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The mass rollout of vaccines this spring brought hope. A hope for a summer (mostly) free of worrying about COVID-19. But now, the alpha variant and highly contagious delta variant are dampening the party as COVID-19 cases climb locally and across the country. The rising number of cases and changes to health and safety guidelines in places like Los Angeles County have people wondering if they should be making any changes to their lifestyles.
In today’s newsletter, we look at recently released data from DC Health and what local authorities and national experts have to say.
Last week, DC Health released data, including new information about local “breakthrough cases,” or fully vaccinated individuals who have tested positive for COVID-19.
- The delta variant accounts for 45 percent of new cases in HHS Region 3—which includes D.C.
- DC Health reports a seven-day average of 6.5 cases per 100,000 people, which would be at Phase 2 levels, denoting “moderate community spread.”
- Out of more than 375,000 fully vaccinated individuals, D.C. has recorded 200 breakthrough cases. Less than 1 percent of fully vaccinated people have tested positive for COVID-19. Of those 200, 13 were hospitalized with COVID-19.
DC Health tells City Paper the alpha and delta variants have both appeared in D.C.
“The alpha variant is dominant in our region … and there are minimal reports of delta variants at this time,” DC Health says. “D.C. data is currently not reported [on the CDC’s variant tracker] as we have fewer than 300 cases sequenced in a week.”
As the Post reports, only 1 percent of COVID lab samples in D.C. show the presence of delta, whereas 83 percent of all samples nationwide show the variant. The discrepancy has led DC Health to introduce a new rule that requires labs to sequence more samples or submit more samples for sequencing to better discern which variants are in D.C.
What Makes Delta so Dangerous?
The delta variant that was first detected in India can be up to 100 percent more transmissible than the COVID-19 we had last year, according to a recent study from Eurosurveillance. By comparison, the alpha variant is only up to 34 percent more transmissible.
Delta has certain mutations in its spike protein that differ from those of other variants, including mutations that mean the delta variant:
- has a higher virus load (there’s more of the virus in the infected person’s blood), which some epidemiologists hypothesize might make it more likely for folks to transmit the virus even by talking to each other outdoors while unmasked
- is less responsive to COVID-19 antibodies’ ability to neutralize the virus
- supports cell-to-cell fusion and tissue tropism (the cells and tissues that allow viruses to grow in our bodies), which may be partly what makes delta more transmissible
What we (and the medical community) don’t know yet is how transmissible COVID-19 variants are among vaccinated folks. There hasn’t been any evidence that delta is more transmissible between vaccinated people, partly because there’s such little data on the topic, according to Dr. Vaughn Cooper, professor of microbiology and molecular genetics at the University of Pittsburgh.
Some epidemiologists believe that we’re on a parallel path to the U.K., which has been ravaged by a delta-driven spike in new COVID-19 cases, hospitalizations, and deaths. If so, the delta-related rise could peak in a few weeks, as it did in England, former FDA commissioner Dr. Scott Gottlieb told CNBC reporters this morning.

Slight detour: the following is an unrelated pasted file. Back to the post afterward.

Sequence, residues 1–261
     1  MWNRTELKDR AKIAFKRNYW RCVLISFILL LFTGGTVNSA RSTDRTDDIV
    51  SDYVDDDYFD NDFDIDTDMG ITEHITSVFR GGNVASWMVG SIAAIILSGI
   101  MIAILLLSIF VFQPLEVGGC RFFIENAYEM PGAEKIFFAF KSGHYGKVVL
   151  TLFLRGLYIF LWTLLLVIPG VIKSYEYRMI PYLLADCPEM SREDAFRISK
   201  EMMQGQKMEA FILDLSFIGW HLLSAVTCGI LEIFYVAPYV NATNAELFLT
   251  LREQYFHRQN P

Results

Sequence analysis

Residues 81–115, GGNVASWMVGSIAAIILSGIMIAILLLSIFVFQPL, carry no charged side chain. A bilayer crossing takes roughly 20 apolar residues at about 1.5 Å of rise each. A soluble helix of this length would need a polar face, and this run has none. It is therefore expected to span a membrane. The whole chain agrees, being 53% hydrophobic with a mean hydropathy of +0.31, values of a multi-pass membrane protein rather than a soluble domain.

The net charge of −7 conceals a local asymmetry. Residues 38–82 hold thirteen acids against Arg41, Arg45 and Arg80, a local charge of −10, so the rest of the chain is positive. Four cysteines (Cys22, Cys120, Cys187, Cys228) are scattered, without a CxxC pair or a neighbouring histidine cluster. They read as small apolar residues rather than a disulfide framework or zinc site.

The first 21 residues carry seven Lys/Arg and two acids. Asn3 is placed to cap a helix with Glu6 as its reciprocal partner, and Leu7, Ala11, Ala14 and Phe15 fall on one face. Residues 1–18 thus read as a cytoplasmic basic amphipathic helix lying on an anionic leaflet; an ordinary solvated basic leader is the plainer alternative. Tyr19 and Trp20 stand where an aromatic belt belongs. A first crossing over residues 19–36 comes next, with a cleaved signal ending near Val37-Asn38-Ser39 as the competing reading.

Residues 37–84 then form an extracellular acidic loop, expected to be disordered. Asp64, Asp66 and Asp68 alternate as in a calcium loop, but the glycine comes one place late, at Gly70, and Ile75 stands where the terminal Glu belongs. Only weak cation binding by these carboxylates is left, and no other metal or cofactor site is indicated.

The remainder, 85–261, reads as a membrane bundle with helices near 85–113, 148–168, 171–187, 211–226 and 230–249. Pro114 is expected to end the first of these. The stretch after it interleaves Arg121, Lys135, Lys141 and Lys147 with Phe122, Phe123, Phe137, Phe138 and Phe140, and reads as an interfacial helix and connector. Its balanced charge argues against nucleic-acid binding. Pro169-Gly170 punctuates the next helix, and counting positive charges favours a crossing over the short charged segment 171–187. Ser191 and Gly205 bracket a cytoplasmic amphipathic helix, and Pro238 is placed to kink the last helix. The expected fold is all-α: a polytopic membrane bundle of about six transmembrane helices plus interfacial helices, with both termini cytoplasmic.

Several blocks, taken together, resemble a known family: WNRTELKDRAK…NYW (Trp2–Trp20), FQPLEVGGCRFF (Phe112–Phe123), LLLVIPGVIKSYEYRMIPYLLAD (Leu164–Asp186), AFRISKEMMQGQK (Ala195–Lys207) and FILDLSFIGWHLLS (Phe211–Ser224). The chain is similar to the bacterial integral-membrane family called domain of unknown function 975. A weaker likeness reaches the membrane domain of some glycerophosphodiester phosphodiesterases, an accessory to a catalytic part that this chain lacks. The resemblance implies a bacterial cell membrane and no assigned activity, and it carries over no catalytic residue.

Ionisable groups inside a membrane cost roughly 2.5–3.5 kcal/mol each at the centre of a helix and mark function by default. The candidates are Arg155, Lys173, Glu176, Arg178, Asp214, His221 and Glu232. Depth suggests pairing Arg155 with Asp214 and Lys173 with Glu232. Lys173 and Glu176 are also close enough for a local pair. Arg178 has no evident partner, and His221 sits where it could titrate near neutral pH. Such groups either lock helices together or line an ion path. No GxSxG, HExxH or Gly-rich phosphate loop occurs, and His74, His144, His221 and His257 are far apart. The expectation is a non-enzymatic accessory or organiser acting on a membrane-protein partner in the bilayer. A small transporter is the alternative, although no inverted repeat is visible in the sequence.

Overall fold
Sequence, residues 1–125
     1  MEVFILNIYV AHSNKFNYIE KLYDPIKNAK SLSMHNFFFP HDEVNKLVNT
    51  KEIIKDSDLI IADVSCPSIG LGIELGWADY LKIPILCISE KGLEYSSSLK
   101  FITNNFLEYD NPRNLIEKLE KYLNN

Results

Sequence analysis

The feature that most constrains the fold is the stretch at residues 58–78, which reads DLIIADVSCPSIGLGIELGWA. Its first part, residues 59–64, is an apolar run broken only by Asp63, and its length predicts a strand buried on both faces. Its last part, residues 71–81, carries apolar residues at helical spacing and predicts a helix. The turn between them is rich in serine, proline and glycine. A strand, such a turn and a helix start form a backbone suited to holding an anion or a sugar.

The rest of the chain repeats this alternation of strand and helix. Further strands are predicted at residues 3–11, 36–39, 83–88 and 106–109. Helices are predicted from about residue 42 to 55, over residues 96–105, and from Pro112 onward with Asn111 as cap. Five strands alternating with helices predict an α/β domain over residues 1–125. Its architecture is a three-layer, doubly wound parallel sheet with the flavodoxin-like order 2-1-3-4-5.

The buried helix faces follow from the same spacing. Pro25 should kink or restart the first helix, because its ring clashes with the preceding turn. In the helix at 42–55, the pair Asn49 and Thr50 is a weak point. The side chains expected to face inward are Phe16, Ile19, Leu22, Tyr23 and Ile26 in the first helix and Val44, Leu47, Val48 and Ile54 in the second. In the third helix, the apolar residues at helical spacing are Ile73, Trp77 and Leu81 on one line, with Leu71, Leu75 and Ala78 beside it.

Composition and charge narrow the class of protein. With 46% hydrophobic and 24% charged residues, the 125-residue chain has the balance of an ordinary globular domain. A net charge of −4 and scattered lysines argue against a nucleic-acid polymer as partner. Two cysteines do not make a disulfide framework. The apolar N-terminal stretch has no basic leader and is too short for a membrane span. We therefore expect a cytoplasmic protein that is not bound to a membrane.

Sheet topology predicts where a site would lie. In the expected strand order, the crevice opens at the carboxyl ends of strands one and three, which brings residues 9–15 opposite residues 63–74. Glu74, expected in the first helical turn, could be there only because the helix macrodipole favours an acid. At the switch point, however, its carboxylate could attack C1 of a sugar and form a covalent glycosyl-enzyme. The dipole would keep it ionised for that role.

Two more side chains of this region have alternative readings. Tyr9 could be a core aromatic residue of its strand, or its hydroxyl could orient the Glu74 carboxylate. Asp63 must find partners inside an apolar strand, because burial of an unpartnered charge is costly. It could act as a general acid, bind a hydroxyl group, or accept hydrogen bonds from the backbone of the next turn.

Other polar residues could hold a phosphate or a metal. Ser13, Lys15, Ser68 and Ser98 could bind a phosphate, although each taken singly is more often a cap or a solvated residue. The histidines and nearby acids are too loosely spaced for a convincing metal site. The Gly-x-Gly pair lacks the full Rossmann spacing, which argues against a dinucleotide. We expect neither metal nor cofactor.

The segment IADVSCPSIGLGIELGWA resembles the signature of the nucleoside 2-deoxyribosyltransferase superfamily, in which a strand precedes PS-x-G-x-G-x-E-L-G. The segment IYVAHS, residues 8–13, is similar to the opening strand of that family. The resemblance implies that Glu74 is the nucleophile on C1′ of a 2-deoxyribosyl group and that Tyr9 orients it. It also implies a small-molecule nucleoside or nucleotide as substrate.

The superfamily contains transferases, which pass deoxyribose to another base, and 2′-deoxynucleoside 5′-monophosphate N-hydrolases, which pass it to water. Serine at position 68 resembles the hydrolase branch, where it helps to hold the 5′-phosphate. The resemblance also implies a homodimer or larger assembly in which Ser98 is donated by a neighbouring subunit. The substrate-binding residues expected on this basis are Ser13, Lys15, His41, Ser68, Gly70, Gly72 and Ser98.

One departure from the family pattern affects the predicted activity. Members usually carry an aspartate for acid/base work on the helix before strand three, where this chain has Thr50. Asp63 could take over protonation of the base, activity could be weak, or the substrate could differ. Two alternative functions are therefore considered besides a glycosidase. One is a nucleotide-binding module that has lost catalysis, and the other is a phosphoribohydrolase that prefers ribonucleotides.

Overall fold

Good news: We’re unlikely to see future strains that override our immunity, according to research conducted in separate studies by Cooper and Dr. Eric Topol, founder of Scripps Research Institute. “If we can just get through delta, we should be in good shape,” said Topol in an Association of Healthcare Journalists conference last week. “That’s the hope.”
What Does This Mean for D.C.?
DC Health tells City Paper in bold type that “the best protection against COVID-19 variants continues to be vaccination.”
“As we get more data about fully vaccinated people, the message couldn’t be clearer: don’t wait, vaccinate,” says Mayor Bowser in a statement. “We know, and the data continues to show us, that the COVID-19 vaccines are incredibly effective, they are safe, they are keeping people out of the hospital, and they are saving lives.”
Currently, DC Health reports that 72.6% of District residents 12 years of age or older are fully vaccinated.
DC Health adds no vaccine is completely effective against a virus and it remains a “critical tool” for stopping the spread and reducing the severity of the illness. It recommends unvaccinated residents wear a mask and social distance and everyone should remain home when they’re sick.
Cooper and Topol recommend folks be strategic about their travel—even on local transportation like buses or in car rides with the windows closed, as being in indoor cramped spaces for a long time has been shown to be a vehicle for transmission. If virtual meetings are available, they’re a smarter choice than indoor ones. Don’t put vaccines through an acid test, says Topol.
Right now, D.C. officials aren’t recommending major changes, but public health experts call for caution with this delta-related spike in COVID cases. That being said, get vaccinated. DC Health has a list of locations where you can get your shot.
— Bailey Vogt (tips? email@example.com)
— Ambar Castillo (tips? firstname.lastname@example.org)
- To see today’s coronavirus cases and more information, visit our coronavirus dashboard.
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